Transition from Grandfathered Part 90Z License to Part 96 CBRS

Rashid-Bhatti Rashid Bhatti April 21, 2020
Mark Gibson 7-26-13--compressed Mark Gibson

19_CBRS_IBW_EktronCitizen’s Broadband Radio Service (CBRS), dubbed the innovation band, was recently given the greenlight by the Federal Communications Commission (FCC) for full commercialization. This was a major milestone for the CBRS ecosystem and the wireless industry as a whole, as CBRS commercialization means that 150 MHz of brand-new spectrum is now available to meet the nation’s growing demand for more airwaves for the existing and new wireless communications technologies.     

CLICK TO TWEET: In this blog, CommScope’s Rashid Bhatti and Mark Gibson review some of the CBRS history behind Part 90Z to Part 96 transition rules.

Although this new spectrum sharing scheme is a step in the right direction -- and will help spawn innovation and entrepreneurship in innumerable new ways -- it also brings us closer to the end of the grandfathered status of some incumbent users of the band. As part of the Public Notice making the announcement, the FCC reminded existing users of the 3650-3700 MHz band that those frequencies are now part of CBRS: “We also take this opportunity to remind Grandfathered Wireless Broadband Licensees (as defined in sections 96.3 and 96.21 of our rules) that the transition period for grandfathered operations will end on April 17, 2020 or at the end of their license term, whichever is later (with one exception that the transition period for licenses issued after January 8, 2013 will end on April 17, 2020). At the end of its transition period, each Grandfathered Wireless Broadband Licensee must be in compliance with all applicable Part 96 rules.”

The April 17, 2020 deadline was later changed to October 17, 2020. However, no changes were made to the requirements for transition. In this post we will review some of the history behind Part 90Z to Part 96 transition rules, how to check the status of your current licenses, and the steps an operator needs to follow for a smooth transition.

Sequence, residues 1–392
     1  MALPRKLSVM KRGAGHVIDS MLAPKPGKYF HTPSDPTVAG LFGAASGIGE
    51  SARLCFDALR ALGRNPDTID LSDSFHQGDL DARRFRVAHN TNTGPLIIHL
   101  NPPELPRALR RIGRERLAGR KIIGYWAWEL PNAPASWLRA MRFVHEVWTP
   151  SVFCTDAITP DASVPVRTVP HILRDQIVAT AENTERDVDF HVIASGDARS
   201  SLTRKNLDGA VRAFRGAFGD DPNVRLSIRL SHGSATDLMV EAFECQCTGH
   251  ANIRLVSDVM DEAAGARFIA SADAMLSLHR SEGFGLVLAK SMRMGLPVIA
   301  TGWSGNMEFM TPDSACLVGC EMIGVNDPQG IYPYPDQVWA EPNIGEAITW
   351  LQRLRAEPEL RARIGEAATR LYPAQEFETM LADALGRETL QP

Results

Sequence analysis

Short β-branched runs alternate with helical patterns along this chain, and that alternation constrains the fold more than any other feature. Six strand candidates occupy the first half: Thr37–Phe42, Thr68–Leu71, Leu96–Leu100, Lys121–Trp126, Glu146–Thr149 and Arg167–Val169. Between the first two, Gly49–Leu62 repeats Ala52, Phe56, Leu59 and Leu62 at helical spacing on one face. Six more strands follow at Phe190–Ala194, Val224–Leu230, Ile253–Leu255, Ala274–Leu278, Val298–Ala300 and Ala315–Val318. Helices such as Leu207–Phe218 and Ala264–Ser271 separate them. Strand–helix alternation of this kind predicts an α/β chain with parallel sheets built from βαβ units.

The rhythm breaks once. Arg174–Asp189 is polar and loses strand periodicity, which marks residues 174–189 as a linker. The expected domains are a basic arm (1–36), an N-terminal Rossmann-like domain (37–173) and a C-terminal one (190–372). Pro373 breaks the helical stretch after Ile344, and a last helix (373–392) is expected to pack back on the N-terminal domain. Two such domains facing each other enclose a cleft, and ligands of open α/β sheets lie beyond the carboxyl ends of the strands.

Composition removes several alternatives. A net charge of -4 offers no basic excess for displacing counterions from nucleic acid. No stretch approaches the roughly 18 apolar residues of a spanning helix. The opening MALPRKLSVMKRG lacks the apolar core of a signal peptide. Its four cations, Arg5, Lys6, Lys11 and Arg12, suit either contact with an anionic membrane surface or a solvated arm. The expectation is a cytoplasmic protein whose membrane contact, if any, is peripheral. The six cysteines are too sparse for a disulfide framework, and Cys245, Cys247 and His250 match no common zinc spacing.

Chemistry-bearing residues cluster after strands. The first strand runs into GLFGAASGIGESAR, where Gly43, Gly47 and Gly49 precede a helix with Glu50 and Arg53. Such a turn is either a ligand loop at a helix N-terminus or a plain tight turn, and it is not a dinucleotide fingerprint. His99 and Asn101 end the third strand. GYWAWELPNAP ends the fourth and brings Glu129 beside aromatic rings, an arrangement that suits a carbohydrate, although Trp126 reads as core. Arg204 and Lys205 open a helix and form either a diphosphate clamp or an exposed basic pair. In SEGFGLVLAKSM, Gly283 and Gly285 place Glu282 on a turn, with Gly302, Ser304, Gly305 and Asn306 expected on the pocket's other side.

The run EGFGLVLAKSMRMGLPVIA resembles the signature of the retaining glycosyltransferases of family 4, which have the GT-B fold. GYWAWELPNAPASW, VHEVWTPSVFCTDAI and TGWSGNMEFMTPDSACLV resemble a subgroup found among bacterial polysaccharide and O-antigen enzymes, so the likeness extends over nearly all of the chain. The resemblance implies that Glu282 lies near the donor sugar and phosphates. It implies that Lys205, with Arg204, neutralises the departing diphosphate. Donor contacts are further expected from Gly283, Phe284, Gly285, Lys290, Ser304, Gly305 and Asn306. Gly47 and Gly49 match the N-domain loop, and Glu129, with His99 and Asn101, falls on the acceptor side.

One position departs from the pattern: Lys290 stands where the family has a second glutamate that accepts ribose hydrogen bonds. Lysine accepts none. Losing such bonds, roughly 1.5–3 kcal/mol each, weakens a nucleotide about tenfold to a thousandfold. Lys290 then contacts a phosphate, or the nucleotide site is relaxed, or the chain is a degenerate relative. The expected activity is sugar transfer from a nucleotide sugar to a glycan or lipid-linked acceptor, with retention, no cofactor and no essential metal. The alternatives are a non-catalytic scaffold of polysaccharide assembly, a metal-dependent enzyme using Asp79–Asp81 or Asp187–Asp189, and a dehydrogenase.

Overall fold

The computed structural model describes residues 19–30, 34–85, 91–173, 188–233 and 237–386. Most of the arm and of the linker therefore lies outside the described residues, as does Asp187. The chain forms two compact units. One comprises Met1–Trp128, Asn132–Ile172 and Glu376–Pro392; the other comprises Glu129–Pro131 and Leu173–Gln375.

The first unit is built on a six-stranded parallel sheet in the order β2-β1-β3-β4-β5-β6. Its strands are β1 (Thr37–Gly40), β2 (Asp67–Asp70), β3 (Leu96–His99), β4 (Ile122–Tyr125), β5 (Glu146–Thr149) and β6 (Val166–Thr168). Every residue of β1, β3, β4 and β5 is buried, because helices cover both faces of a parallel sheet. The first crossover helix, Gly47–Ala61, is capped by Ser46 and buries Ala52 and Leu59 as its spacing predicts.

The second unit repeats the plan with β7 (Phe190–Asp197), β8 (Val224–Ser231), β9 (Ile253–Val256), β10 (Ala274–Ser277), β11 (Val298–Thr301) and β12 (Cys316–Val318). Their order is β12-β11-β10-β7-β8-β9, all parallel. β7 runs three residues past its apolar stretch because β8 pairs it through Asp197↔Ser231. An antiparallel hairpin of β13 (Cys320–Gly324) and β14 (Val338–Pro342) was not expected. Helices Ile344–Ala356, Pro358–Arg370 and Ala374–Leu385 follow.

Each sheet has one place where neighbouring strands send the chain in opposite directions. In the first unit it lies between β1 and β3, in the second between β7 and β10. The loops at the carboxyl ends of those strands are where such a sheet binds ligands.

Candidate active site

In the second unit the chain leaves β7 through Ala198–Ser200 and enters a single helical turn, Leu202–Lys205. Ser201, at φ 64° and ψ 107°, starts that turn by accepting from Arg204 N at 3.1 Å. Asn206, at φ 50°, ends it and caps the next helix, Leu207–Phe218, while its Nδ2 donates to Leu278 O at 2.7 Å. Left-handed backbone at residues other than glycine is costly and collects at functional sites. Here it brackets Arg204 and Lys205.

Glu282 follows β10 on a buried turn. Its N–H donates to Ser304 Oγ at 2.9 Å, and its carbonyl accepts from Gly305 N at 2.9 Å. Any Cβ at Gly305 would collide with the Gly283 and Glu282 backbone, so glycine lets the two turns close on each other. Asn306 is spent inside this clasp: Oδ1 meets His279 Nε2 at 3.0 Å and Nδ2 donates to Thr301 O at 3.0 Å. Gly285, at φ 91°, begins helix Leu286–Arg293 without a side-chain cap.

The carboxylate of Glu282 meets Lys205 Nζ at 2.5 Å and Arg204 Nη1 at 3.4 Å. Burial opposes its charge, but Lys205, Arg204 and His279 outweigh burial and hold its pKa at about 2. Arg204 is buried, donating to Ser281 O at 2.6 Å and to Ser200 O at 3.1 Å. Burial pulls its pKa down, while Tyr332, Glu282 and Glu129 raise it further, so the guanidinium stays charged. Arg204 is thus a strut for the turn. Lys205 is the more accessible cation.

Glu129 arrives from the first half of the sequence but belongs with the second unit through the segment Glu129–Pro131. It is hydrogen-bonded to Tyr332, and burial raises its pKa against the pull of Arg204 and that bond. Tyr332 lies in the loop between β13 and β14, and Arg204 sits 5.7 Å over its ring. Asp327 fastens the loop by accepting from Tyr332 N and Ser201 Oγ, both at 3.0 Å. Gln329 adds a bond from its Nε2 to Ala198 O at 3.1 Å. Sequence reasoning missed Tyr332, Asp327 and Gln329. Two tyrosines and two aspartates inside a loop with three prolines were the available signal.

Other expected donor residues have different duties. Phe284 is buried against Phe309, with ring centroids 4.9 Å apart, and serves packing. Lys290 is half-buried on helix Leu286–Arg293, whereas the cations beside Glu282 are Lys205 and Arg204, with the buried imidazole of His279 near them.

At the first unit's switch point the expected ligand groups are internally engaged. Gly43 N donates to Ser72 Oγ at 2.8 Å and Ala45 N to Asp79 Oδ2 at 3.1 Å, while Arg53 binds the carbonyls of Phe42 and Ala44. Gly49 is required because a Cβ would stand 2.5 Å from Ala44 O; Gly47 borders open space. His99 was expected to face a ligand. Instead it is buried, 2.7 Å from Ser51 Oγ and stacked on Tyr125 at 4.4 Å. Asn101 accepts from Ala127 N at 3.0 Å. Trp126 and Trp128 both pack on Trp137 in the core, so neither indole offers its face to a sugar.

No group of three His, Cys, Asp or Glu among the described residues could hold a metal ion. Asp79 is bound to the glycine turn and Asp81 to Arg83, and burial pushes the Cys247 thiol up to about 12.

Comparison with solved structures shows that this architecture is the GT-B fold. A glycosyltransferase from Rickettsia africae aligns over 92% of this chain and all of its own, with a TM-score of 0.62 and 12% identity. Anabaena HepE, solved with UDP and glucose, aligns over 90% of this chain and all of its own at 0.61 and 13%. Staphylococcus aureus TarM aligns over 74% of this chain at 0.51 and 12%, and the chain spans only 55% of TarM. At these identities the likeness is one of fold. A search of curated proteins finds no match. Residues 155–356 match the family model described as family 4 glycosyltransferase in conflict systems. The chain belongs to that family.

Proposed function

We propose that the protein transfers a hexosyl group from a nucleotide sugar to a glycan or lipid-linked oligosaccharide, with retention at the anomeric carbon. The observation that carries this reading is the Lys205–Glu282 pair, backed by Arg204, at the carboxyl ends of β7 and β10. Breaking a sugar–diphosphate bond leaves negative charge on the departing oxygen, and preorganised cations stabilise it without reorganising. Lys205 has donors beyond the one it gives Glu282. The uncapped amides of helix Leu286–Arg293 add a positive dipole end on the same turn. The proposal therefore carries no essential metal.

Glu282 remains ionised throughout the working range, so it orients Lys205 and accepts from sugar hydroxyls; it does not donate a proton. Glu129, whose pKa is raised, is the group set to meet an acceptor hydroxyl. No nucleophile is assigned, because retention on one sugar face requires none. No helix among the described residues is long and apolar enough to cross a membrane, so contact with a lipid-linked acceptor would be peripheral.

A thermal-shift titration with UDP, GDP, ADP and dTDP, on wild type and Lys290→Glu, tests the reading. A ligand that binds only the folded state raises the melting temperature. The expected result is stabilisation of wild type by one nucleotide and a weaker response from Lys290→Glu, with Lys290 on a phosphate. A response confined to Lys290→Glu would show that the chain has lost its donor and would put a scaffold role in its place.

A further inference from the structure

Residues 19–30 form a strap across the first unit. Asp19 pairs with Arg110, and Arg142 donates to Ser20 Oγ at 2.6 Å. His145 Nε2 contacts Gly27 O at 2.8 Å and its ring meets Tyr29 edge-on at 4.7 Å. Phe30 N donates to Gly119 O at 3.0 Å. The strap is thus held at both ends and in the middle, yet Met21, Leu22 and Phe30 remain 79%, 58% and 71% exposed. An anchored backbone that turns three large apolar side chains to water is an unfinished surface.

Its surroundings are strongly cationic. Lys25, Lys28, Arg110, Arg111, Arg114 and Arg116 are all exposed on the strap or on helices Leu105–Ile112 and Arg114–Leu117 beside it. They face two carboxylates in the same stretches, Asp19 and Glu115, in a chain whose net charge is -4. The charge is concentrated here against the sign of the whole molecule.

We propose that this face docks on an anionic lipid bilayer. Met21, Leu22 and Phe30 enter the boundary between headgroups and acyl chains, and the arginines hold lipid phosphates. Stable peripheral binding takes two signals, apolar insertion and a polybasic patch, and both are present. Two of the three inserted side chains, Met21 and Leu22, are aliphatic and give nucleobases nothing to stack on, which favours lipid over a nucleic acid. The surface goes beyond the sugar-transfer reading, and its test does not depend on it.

Background

The 3650-3700 MHz service was first created in 2005 when the FCC revised its rules to open the 3650-3700 MHz band for terrestrial wireless broadband operations. Under the licensing mechanism adopted for the band at the time, the FCC issued an unlimited number of non-exclusive nationwide licenses for commercial use. Those licenses served as a prerequisite for registering individual fixed and base stations. Here are some important aspects of this licensing:

  1. As noted above, the band was licensed on a non-exclusive nationwide basis use and a licensee cannot operate a radio in the band before registering it in the FCC’s Universal Licensing System (ULS) under its license. Licensees must delete registrations for unused fixed and base stations.
  2. The FCC noted in 2015 that they will issue no new licenses or license renewals after April 17, 2015. However, if a license expires between April 17, 2015 and April 17, 2020, the licensee may request a one-time renewal and the FCC may renew that license for a term ending no later than April 17, 2020. This date was later extended to October 17, 2020. Additional information about this extension is detailed below.
  3. Licenses that were issued after January 8, 2013 will be protected from harmful interference from CBRS users until October 17, 2020 regardless of their expiration date.
  4. Registrations will only be afforded protection from harmful CBRS interference within the licensee's Grandfathered Wireless Protection Zone (GWPZ).

What this means for licensees grandfathered under Part 90Z

In summary, there are three primary conditions that grandfathered licensees must meet to continue operating in the 3650-3700 MHz band under grandfathered status:

  1. You must be a licensed user of the band. Licenses can be looked up in FCC’s Universal Licensing System (ULS) at this link: https://wireless2.fcc.gov/UlsApp/UlsSearch/searchLicense.jsp.
  2. In order to be protected from harmful interference from CBRS users until October 17, 2020, the licensee must also have submitted its GWPZ information to the FCC’s ‘ULS 3650 Locations’ database here: https://opendata.fcc.gov/Wireless/ULS-3650-Locations/euz5-46g2/data. The deadline to register this information was August 7, 2017.
  3. Licensees must certify that the base stations were constructed, operational, and in compliance with the Commission’s Rules as of April 17, 2016.

It is interesting to note that there are over 2,000 licenses for the 3650-3700 MHz band with  close to 70,000 base stations registered as of March 25, 2020. However, there are only slightly fewer than 8,000 registered base stations in the GWPZ database. Could this be because a majority of the licensees were unaware of the requirement to register in the GWPZ database, or perhaps many may have missed the filing deadline?

Can Your License and/or GWPZ Protection be Extended beyond April 2020?